I’ve always wanted to put a snowball down a pretty girl’s neck, then have her end up in my arms kissing me.
So, I tried that out on Penny St. James. She was flirting with my brother, but just enough to make me jealous, right?
Knee to my groin: WRONG.
Shoshauna Shy loves how micro-fiction and poetry require the writer to condense.
It was the first time I’d worn a suit in years.
Nervously, I feigned nonchalance. Made small talk. Nodded to people, surprisingly youthful, who didn’t nod back.
Now, seated near the back of the room, punch in hand, reality began to set in.
I was at the wrong class reunion.
Susan Gale Wickes lives in Indiana. She enjoys writing short stories and poetry and looks for inspiration in lots of strange places.
The first time and last time: New Orleans, moving through the August heat, sweating off the day. She dripped into a dark street where a voice beckoned, smiled, and pushed her off the wagon into high night flight descent.
Sleeping in the car, wrapped in his leather jacket, she shivered.
Doug Hoekstra is a working wordsmith. His short stories, essays, and poems have appeared in numerous literary journals through the U.S. Hoekstra has two book-length collections to his name: The Tenth Inning (2015) and Bothering the Coffee Drinkers (2007 – winner of an Independent Publisher Award Bronze Medal for Fiction). He lives in the Music City with his son Jude. Hoekstra is also a singer-songwriter troubadour who has released eight “critically acclaimed” albums of original material on labels on both sides of the pond, touring throughout the U.S. and Europe performing at bookstores, coffeehouses, clubs, libraries, pubs, festivals, radio stations, and castles, solo and with combos in tow. Highlights include Nashville Music Award and Independent Music Award nominations, lots of Top 10 lists, and many groovy times. As the pundits used to say, “a lot of people write songs, Hoekstra writes five-minute worlds” (Wired Magazine). See more at doughoekstra.wordpress.com.
Evelyn True was pronounced dead. Her doctor had checked: no pulse, no heartbeat, no breath. The herbal tea she swore by for ninety years couldn’t help her any longer.
When the undertaker noticed the body bag twitching, he zipped it open.
Evelyn slowly sat up and asked for some tea.
Candace based this story on an incident reported to have actually happened in Poland a few years ago. Names have been changed to protect the innocent. Tea anyone?
The Royal Ballroom was not accustomed to motorbikes careening through its windows, but the helmeted man had a message.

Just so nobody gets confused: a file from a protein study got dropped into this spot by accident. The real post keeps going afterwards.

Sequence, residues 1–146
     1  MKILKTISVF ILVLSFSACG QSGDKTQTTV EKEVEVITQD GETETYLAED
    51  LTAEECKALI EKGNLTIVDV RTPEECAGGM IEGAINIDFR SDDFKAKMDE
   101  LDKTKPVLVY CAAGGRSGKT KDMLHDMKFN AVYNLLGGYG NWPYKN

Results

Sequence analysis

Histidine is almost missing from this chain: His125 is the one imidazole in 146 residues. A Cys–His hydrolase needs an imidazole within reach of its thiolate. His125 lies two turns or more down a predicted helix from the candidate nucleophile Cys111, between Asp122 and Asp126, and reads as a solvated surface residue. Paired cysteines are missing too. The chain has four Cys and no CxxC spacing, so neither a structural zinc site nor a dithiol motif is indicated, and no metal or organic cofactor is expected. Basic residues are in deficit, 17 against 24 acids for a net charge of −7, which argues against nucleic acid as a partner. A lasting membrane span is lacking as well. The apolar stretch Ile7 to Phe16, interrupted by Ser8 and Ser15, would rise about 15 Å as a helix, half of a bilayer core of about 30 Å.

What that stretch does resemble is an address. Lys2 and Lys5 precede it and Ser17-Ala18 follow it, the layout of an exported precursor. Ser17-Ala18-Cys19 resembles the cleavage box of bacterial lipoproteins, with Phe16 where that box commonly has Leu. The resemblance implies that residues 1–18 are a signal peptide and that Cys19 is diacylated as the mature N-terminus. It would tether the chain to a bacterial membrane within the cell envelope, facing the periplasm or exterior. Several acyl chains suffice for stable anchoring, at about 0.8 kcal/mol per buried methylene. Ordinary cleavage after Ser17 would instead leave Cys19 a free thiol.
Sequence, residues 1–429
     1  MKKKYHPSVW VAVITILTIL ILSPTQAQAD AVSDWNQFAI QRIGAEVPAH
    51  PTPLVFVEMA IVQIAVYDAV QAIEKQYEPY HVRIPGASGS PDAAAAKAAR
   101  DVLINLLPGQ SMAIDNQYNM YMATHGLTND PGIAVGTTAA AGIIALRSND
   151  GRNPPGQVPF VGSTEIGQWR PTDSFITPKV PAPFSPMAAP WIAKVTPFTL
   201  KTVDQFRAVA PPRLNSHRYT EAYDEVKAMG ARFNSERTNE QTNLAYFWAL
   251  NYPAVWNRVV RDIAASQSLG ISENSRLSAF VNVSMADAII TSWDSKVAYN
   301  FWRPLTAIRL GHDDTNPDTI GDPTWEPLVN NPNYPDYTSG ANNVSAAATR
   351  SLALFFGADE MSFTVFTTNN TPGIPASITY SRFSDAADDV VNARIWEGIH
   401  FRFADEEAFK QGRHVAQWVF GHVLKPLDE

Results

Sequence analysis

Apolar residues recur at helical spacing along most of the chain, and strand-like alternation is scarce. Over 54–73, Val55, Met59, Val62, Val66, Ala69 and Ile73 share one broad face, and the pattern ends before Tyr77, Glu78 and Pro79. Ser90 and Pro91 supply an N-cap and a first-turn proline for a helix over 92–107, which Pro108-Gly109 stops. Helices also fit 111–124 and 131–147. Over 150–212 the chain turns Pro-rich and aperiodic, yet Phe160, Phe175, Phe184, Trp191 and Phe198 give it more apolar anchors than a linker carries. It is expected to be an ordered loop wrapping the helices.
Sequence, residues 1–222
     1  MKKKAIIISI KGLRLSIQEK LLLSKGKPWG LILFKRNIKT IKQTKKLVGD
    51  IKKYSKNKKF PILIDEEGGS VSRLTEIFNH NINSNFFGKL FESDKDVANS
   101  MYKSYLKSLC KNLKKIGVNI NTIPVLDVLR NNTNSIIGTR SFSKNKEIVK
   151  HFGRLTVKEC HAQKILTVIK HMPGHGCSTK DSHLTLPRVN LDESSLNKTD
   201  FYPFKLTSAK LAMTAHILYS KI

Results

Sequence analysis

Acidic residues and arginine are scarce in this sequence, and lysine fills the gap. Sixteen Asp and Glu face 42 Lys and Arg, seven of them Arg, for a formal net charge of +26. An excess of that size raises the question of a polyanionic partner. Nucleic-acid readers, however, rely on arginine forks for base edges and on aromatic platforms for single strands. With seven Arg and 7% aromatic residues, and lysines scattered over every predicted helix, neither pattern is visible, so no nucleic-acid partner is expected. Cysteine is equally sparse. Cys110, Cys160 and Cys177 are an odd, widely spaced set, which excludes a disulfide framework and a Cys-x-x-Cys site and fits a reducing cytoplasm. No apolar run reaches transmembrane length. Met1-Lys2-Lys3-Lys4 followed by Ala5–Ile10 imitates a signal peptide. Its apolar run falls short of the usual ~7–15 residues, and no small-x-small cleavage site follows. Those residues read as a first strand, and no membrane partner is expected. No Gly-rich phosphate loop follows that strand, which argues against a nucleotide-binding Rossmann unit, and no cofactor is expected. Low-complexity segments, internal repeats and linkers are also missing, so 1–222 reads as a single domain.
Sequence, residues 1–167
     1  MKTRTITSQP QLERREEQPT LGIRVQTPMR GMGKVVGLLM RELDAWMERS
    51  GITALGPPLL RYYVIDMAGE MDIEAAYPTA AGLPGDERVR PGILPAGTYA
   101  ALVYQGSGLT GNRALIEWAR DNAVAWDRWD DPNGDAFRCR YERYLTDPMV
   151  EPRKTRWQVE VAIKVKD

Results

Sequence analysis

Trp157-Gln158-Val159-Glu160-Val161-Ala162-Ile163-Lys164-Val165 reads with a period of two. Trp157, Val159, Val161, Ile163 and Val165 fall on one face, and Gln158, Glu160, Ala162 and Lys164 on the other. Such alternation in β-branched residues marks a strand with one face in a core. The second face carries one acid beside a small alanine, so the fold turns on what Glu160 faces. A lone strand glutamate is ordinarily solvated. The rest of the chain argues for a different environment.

A red triangle on the seal told the King all he needed.
“A storm nears,” he said. “We must ready.”
“Hang on,” said the biker. “Is this not 93 Privet Drive?”
Ben Reynolds quit his job to be a writer. What an idiot. Find more at justpunchtheclock.com
The ship halted; the black grains of sand slowed it.
Was this how it should look?
Taking another look at the brochure, I looked up and squinted. The picture looked like paradise.
Were those skulls on spears? Maybe I was just sea sick.
But it looked nothing like the advertisements.
Victoria is a 13-year-old girl who enjoys writing, reading, and drawing, all with her cat, of course.
Doctor Lorne Calder returned home to meet with Bert Ryan, a carpenter he’d hired to complete renovations at his home. Upon entry, he noticed a flaw in the foyer.
“You’re a master carpenter? Just look at that!” Calder complained.
“It’s easier for you,” replied Ryan. “You bury all your mistakes.”
Paul Finnigan is an Ottawa-based writer who has a collection of short fiction that has appeared in both Canada and the United States. Some previous publishers of his work include Boston Literary Magazine, Feathertale, Polar Expression Publishing, and Every Writer the Magazine.
King came running, tail wagging, the carcass of the neighbor’s bunny dangling from his mouth. Quickly, Jonah stuffed it back in the pen beside the neighbor’s patio.
When the neighbors returned from vacation, they tried to solve the mystery of what sicko dug up their dead pet from their lawn.
Roger Miller is a writer and stand up comedian living in Philadelphia, PA. He has performed at venues across the country, often seeking laughs at taverns and pubs in towns he’s never heard of.
The telegram crumpled in her hand.
BILLY MACALISTER. KILLED IN ACTION.
Hottest September day of 1915. She walked to the oak tree, picked the strongest branch, threw the rope. She didn’t hear the other Mrs William Macalister hammering at the door, clutching the wrong telegram.
BILLY MACALISTER. WOUNDED. COMING HOME.
Julia Vaughan is a fifty-something writer living in Ironbridge, Shropshire with cats, dogs and a grumpy husband. She has been writing stories since forever and has just published her first book of crime and mystery stories on Amazon Kindle: Grave Expectations & Other Tales.
What had been planet Yardinvert was now a cluster of brown bits. Bulging eyes encircled Lord Lapso. He was relieved his black hood obscured his gawk.
“You’ll die for this!” exclaimed one hostage.
The dark lord sighed. Note to self: keep some distance between the finger and button when bluffing.
Joey wasn’t interested in writing while at school but has been writing on his own in recent years. He doesn’t really care that Alderaan was peaceful nor how many Bothans died to bring you this story. Cos he’s a jerk, that’s why.